Senior Armenian state officials tasked with combatting corruption have faced no investigations into millions of dollars in financial aid which they and their wives claim to have received from undisclosed sources in recent years.
The officials running the “oversight services” of President Serzh Sarkisian, Prime Minister Hovik Abrahamian and the Armenian parliament have reported such lavish financial contributions in their annual asset declarations filed with the state Commission on the Ethics of High-Ranking Officials.
So far none of them has been accused by the commission of using their position to enrich themselves and their relatives. Nor are law-enforcement authorities known to have investigated the origin of the “donations” which Armenia’s leading anti-graft watchdog believes carry serious “corruption risks.”
Hovannes Hovsepian, the wealthy head of the presidential Oversight Service, claims to have especially generous benefactors. Hovsepian’s income declarations say that from 2011 through 2014 he received a total of $2.75 million in dollar donations from individuals or legal entities not identified by him. According to the document, the minimum amount of a single donation to Hovsepian was $100,000, while the largest one stood at as much as $1.6 million.
The presidential service headed by him is supposed to monitor use of public funds by various government agencies and detect possible instances of their embezzlement.
Sargis Grigorian manages a similar oversight division in the prime minister’s office. He has reported no lavish donations and claims to live off his monthly salary of 314,000 drams ($660). His wife, Armine Kocharian, is apparently unemployed, having reported no financial incomes to the anti-graft commission.
However, Kocharian somehow managed to receive $530,000 in loans from Armenian banks from 2012-2014. She also admitted paying around $120,000 to buy several paintings last year.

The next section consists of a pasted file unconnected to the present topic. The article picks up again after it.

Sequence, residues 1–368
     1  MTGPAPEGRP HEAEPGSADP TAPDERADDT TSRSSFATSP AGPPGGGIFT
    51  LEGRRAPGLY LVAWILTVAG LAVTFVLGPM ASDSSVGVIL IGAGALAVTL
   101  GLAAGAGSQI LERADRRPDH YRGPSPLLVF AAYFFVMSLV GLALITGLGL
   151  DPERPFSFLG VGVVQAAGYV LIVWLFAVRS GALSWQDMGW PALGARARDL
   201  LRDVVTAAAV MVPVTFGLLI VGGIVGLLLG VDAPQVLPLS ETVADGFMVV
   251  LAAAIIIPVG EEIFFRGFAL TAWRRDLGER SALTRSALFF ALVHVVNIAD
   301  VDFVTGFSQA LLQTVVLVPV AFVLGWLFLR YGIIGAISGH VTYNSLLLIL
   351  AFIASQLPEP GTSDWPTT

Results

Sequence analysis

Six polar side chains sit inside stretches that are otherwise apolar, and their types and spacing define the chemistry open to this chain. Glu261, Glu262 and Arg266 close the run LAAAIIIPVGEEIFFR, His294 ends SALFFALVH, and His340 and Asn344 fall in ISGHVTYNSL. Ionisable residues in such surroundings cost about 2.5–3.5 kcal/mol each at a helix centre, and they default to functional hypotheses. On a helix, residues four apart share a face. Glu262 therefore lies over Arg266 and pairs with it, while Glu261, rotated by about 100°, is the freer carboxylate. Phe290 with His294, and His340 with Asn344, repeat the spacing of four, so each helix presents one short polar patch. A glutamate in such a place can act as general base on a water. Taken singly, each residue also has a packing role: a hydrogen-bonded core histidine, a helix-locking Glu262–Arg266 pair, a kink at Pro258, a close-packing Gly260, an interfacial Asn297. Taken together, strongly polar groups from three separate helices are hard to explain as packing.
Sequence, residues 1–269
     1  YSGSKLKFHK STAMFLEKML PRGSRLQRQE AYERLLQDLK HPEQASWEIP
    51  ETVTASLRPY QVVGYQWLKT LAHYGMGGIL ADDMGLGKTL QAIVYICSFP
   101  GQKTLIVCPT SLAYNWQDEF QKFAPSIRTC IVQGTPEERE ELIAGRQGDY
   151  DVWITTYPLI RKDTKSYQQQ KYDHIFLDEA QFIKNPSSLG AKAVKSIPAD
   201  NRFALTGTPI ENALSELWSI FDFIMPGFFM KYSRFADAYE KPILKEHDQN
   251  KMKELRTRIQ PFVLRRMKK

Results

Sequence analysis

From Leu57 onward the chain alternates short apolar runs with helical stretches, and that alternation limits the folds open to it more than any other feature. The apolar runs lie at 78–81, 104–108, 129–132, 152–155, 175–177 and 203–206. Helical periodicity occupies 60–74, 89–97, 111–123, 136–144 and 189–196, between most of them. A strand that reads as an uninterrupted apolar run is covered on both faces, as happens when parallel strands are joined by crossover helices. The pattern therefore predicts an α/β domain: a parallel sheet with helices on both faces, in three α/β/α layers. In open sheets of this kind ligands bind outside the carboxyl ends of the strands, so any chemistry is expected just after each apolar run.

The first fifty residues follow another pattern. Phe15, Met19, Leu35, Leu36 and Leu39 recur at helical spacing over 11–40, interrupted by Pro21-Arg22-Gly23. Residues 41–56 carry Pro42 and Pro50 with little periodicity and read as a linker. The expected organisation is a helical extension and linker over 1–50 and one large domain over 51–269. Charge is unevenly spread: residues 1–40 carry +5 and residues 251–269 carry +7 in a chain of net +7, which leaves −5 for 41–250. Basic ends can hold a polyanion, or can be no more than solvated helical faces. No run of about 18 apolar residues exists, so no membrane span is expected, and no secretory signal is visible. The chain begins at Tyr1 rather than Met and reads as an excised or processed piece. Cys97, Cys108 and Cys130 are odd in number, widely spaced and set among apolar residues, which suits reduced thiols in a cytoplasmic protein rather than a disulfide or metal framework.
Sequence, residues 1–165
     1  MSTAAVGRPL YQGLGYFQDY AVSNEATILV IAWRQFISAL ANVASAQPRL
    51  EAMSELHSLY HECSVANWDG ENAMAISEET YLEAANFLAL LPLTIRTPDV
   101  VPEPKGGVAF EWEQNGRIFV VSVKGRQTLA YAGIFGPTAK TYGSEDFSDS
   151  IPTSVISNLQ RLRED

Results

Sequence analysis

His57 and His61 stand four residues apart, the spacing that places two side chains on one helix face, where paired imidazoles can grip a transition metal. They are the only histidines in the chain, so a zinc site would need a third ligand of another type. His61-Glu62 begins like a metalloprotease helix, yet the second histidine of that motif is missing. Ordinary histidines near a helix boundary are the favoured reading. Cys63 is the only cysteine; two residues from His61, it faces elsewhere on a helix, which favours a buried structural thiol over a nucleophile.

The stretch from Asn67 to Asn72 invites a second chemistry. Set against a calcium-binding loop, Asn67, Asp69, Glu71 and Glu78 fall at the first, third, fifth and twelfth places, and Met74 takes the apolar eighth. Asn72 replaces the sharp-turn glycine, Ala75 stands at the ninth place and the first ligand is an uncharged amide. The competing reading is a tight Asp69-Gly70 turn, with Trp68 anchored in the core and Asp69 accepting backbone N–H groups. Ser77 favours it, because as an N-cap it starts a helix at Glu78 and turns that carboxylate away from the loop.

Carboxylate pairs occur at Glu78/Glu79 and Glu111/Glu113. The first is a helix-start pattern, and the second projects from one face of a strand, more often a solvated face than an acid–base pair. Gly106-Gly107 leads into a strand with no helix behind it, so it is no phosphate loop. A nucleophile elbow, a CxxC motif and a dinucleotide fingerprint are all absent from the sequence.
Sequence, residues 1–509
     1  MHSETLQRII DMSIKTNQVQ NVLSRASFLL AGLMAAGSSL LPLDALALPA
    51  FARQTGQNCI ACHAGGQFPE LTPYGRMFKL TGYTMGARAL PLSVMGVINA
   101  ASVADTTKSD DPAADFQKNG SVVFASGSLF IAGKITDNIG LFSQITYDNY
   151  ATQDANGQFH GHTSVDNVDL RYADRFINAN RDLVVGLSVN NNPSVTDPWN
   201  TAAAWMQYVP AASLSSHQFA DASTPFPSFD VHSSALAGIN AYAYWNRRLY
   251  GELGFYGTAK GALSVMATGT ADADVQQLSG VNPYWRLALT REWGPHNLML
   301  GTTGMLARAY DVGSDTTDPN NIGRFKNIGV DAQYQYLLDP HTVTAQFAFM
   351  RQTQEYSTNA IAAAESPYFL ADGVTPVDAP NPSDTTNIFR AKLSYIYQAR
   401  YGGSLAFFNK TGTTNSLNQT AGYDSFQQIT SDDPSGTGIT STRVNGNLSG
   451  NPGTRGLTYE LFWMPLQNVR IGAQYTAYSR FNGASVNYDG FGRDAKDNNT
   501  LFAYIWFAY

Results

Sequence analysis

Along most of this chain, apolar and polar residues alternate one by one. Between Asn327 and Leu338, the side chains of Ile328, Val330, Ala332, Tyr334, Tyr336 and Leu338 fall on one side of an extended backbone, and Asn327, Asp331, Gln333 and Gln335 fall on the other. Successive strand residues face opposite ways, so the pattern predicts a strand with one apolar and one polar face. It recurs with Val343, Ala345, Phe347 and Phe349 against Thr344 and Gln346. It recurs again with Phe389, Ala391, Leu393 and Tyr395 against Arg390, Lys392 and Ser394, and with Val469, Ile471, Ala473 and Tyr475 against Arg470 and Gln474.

Just how Grigorian’s wife secured the sizable loans is not clear. Armenian banks are extremely unlikely to lend so much money to a regular client who has no well-paid job.
The wife of Gagik Mkrtumian, a senior official at the parliamentary Audit Chamber, claimed to have received last year $100,000 in “donations” in addition to earning 180,000 drams ($380) per month. Karine Mazmanian too did not disclose the source of the cash.
The wife of Ishkhan Zakarian, the controversial Audit Chamber chief, reported a single and far more modest donation: $15,000. Zakarian’s asset declaration says that Gayane Soghomonian received the money in 2011.
The sum pales in comparison with the conspicuous wealth of Zakarian. Two years ago he was forced by opposition lawmakers to comment on sources of funding for his newly built villa in Yerevan reportedly worth millions of dollars. Zakarian said that the mansion’s construction was mainly financed by Albert Boyajian, an Armenian-American businessman described by him as his “friend.”
For the Anti-Corruption Center (ACC), the Armenian branch of the Berlin-based group Transparency International, these financial statements are a cause for serious concern.
“Such donations can be considered to be transactions fraught with high risks of corruption,” Artak Manukian, an ACC expert, told RFE/RL’s Armenian service (Azatutyun.am) on Friday. Manukian said that they would at least be investigated in many countries that are “really fighting against corruption.”
Siranush Sahakian, the chairwoman of the Commission on the Ethics of High-Ranking Officials, last month could not name a single state official who the anti-graft body believes has enriched themselves through abuse of power. The remarks suggest that the commission has never scrutinized the “donations.”
No such investigations have been reported by Armenian law-enforcement bodies either. They declined on Friday to respond to RFE/RL inquiries on the subject.
This stance will only fuel more skepticism about the Armenian government’s stated efforts to tackle widespread bribery, nepotism and other corrupt practices.
The government pledged to reinvigorate those efforts in February when it announced plans to set up a new Anti-Corruption Council that will be headed by Prime Minister Abrahamian and comprise several ministers and other top state officials. It also urged the political parties represented in the Armenian parliament and civic groups to nominate their representatives to the council. None of those groups expressed readiness to join the body.
Armenia ranked, along with four African states, 94th of 174 countries and territories evaluated in the Transparency International’s most recent Corruption Perceptions Index (CPI) released last December. It occupied the same position in the 2013 CPI which covered 177 nations.